Little Shoal Bay Management Plan
Every Council is required to have a Management Plan for each reserve under its control. (Reserves Act, 1977).
The aim is to ensure that the development, management, use and enjoyment of the reserve is based on sound resource management through the involvement of the public expressing their needs.
Management Plans set out the objectives and policies for the park, identified and resolved after a full public process of discussions, submissions and hearings.
Once adopted, the Plan may be changed, but only after another full, open and consultative public process.
The LSB Management Plan was adopted and became operative in December, 1997. A hard copy of the plan can be viewed at the Birkenhead or Northcote Public Library or you can download a PDF document here: Management Plan: Little Shoal Bay and Le Roys Bush Reserves
It is important to note that Council officers and some elected members are determined to change all existing management plans by developing a common management plan right across the region. This proposal will require local communities to insist on retaining all of the important protections and features of these special reserves as they want them, and not succumb to pressure to change for purposes of convenient standardisation.
Contents of the Plan:
History of the Bay
Landform, stormwater, geology.
Leases / licenses
This is the really important section setting out the:
Policies. (pages 32 – 46) These objectives and policies should be adhered to at all times and not be altered by Councillors, Council Staff, or Local Board in any ad hoc way.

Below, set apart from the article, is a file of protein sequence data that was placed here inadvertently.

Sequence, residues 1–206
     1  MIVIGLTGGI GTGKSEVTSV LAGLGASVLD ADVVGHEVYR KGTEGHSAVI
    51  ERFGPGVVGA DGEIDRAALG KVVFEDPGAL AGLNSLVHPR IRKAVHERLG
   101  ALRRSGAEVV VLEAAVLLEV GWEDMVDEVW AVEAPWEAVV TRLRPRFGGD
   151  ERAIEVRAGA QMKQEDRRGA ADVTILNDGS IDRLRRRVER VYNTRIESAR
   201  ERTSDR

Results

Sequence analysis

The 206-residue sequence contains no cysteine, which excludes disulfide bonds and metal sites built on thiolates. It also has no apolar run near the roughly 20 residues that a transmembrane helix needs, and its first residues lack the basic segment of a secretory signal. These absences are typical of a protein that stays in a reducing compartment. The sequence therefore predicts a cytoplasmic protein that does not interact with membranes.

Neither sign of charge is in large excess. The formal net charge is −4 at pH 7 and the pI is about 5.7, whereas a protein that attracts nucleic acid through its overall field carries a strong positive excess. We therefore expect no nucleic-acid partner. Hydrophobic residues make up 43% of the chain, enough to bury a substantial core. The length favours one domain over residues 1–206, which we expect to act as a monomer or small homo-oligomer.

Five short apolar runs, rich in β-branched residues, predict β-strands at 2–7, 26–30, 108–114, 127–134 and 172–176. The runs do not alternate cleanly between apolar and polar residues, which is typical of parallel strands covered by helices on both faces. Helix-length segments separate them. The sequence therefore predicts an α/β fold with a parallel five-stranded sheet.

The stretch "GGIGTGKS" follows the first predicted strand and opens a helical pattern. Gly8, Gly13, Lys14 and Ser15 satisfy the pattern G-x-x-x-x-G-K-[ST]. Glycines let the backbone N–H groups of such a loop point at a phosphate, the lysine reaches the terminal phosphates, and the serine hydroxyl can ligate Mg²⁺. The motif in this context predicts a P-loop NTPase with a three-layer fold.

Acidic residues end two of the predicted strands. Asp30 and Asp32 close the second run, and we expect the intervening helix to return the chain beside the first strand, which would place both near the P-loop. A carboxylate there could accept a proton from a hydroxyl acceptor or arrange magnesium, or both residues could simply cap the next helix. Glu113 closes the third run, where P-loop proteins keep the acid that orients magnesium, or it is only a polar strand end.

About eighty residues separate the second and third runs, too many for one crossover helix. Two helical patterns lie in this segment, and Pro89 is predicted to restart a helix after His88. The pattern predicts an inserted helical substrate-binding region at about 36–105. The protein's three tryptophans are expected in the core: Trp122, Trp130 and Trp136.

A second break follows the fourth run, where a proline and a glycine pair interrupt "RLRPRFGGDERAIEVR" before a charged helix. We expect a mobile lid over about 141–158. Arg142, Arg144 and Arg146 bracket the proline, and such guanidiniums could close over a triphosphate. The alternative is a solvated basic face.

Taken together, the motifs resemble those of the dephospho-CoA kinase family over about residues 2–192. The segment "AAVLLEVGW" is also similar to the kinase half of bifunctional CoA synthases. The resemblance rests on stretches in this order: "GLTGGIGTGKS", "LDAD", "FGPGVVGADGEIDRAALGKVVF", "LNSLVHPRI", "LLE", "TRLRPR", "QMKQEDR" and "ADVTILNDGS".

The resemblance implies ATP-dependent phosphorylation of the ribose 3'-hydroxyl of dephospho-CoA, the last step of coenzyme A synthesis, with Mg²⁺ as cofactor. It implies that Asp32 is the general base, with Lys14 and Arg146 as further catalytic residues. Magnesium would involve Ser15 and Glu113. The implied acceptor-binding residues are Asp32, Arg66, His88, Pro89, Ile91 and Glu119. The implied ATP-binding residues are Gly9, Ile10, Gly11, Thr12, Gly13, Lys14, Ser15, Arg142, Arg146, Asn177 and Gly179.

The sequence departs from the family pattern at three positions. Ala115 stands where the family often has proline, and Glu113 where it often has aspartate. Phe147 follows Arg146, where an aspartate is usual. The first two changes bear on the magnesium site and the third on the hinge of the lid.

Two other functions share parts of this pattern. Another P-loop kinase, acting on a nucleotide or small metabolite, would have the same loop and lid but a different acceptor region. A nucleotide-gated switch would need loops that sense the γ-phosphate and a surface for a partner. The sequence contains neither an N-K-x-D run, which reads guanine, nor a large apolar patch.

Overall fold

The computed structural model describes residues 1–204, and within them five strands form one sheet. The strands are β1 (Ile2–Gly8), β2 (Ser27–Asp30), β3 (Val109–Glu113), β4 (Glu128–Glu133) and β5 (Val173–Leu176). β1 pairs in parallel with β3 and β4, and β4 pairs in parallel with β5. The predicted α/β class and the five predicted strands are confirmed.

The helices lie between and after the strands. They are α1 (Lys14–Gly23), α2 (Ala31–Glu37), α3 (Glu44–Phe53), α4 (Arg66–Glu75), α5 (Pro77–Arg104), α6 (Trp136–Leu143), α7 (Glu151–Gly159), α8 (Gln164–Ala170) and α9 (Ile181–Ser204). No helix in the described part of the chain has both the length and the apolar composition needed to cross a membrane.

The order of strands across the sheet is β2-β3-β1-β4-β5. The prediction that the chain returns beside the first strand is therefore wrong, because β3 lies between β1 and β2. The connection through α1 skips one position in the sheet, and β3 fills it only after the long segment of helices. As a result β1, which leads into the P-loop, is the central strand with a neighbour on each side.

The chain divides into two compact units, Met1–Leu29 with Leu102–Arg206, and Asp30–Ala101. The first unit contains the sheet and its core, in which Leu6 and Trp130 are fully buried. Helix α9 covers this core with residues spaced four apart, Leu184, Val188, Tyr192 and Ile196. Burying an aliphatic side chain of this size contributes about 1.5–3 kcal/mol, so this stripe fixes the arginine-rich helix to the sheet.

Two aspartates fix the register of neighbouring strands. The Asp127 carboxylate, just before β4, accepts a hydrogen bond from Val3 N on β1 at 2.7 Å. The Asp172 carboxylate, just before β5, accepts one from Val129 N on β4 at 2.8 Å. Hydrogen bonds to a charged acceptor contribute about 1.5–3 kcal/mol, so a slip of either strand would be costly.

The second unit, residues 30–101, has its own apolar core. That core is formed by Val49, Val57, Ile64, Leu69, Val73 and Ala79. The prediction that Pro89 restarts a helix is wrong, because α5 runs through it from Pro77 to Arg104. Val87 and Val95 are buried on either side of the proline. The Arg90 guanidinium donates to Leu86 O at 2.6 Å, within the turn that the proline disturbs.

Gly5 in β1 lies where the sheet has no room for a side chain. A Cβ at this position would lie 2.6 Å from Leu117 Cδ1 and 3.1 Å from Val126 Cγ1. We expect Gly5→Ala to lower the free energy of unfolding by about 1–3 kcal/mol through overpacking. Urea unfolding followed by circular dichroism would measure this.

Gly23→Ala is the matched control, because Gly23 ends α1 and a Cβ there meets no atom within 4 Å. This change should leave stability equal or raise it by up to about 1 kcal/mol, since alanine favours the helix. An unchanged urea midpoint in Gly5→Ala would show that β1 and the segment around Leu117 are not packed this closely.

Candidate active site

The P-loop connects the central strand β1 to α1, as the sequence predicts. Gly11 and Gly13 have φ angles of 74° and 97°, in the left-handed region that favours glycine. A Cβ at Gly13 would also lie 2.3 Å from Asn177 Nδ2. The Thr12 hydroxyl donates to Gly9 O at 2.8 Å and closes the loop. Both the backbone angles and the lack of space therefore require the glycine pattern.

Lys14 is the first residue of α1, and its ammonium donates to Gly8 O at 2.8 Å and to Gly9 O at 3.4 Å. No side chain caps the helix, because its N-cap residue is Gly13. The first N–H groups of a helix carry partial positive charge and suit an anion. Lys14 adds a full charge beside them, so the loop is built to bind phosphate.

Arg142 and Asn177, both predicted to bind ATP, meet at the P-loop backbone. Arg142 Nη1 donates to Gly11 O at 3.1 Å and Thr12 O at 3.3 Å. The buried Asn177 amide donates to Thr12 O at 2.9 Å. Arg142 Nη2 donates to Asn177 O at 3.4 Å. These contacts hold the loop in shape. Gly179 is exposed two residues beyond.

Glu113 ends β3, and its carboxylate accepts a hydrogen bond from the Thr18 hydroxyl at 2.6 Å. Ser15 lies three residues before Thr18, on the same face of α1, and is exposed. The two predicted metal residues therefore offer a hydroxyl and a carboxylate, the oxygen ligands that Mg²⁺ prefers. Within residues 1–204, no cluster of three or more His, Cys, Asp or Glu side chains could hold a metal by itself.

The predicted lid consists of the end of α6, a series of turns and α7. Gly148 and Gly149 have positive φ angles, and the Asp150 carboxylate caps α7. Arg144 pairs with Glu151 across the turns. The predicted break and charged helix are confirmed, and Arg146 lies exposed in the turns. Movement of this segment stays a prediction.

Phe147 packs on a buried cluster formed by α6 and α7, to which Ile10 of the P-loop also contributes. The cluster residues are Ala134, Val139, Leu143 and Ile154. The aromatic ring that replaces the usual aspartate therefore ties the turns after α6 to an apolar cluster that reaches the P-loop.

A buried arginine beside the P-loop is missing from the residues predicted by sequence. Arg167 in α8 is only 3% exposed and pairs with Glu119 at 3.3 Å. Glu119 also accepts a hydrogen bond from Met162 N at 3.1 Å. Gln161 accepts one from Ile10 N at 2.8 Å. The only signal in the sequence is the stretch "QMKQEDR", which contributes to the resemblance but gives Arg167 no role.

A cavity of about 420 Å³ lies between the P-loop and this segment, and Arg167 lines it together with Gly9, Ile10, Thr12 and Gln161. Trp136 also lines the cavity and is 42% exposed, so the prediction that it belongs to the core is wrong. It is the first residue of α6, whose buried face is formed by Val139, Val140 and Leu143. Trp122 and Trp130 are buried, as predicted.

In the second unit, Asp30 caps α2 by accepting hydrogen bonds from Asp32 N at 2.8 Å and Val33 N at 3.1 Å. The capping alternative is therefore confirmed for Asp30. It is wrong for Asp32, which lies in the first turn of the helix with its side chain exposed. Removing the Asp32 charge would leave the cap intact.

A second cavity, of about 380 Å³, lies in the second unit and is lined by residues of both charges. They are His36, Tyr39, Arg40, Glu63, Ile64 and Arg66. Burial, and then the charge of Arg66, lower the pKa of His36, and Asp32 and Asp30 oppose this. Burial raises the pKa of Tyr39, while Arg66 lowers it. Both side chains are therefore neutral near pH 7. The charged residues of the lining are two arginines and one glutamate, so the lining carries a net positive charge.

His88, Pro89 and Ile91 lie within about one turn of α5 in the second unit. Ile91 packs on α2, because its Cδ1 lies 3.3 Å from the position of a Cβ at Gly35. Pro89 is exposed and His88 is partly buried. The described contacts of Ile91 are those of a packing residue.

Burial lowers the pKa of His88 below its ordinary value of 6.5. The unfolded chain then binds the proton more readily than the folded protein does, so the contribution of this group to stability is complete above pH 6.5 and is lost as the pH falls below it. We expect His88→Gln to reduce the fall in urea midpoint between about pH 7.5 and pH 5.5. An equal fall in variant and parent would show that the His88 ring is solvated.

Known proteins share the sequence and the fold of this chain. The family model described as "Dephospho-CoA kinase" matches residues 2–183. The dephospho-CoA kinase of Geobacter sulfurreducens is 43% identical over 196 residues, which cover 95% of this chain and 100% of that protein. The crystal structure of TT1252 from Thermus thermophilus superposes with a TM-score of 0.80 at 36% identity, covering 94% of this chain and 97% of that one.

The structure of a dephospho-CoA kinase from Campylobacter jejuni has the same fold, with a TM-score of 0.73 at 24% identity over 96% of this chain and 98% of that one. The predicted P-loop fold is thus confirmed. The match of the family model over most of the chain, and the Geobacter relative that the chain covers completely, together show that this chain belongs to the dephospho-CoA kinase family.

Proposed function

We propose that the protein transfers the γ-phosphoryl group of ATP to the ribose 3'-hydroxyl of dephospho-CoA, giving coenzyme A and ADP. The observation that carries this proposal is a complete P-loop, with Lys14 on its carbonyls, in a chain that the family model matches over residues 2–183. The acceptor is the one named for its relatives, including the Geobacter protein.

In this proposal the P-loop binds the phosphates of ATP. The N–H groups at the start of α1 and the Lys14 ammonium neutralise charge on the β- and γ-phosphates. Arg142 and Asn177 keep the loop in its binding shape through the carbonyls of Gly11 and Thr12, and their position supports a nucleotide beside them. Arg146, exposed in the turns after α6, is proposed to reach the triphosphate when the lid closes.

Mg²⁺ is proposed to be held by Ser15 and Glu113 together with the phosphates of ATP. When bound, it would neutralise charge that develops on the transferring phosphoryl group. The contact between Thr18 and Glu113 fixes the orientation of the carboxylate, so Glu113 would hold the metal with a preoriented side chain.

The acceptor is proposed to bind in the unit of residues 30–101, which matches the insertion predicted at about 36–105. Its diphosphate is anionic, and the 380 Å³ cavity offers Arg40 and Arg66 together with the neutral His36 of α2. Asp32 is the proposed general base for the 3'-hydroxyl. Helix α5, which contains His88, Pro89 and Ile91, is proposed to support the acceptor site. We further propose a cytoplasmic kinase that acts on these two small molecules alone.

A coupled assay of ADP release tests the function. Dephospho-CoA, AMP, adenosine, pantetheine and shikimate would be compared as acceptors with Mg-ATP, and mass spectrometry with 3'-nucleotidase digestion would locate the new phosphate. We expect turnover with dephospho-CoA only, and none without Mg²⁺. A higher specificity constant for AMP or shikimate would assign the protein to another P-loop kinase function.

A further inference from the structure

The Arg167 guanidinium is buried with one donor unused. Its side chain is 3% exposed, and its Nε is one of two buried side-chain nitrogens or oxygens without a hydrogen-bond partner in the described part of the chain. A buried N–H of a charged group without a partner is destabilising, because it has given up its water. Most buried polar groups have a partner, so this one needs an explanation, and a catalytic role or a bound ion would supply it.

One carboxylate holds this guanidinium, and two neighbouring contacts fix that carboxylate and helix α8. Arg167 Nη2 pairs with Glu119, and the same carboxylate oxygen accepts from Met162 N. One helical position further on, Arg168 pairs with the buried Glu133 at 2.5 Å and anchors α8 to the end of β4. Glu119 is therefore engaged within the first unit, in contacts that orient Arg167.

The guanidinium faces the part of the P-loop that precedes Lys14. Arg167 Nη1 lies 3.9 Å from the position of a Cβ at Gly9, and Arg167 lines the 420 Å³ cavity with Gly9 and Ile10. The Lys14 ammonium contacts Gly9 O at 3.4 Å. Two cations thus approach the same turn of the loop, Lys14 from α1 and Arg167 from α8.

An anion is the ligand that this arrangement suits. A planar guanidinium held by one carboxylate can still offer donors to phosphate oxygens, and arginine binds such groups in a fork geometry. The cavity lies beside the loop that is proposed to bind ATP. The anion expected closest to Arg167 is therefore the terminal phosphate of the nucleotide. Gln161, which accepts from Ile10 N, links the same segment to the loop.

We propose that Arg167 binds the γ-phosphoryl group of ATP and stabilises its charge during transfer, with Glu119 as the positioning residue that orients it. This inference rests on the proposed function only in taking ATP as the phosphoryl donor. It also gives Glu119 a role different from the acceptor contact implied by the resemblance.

These pages (pages 32 – 46) are the most important.
The maps on pages 57, 59 and 61 are also very important and link to the policies and legal matters including the Resource Management Act and Reserves Act.
See page 49 for the outline of the Management Plan Process and page 48 for the Plan Change Procedure if changes to the established plan are to be undertaken, whether by Council or the Local Board.
These procedures are required to be undertaken by the Reserves Act 1977.
However, Council staff are now wanting to remove these locally discussed and community designed Management Plans so that they can replace the different requirements and needs from place to place, with a generalised “one plan fits all” Management Plan to cover all parks.
This is contrary to the Reserves Act allowing major public input and determination of their wishes for the various needs and differences from place to place and different communities.